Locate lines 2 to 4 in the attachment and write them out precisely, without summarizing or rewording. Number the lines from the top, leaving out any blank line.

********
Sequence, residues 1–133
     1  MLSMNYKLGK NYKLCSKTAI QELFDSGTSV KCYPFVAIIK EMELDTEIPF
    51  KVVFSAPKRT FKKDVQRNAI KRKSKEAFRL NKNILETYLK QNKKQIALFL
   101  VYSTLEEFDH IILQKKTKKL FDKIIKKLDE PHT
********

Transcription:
     1  MLSMNYKLGK NYKLCSKTAI QELFDSGTSV KCYPFVAIIK EMELDTEIPF
    51  KVVFSAPKRT FKKDVQRNAI KRKSKEAFRL NKNILETYLK QNKKQIALFL
   101  VYSTLEEFDH IILQKKTKKL FDKIIKKLDE PHT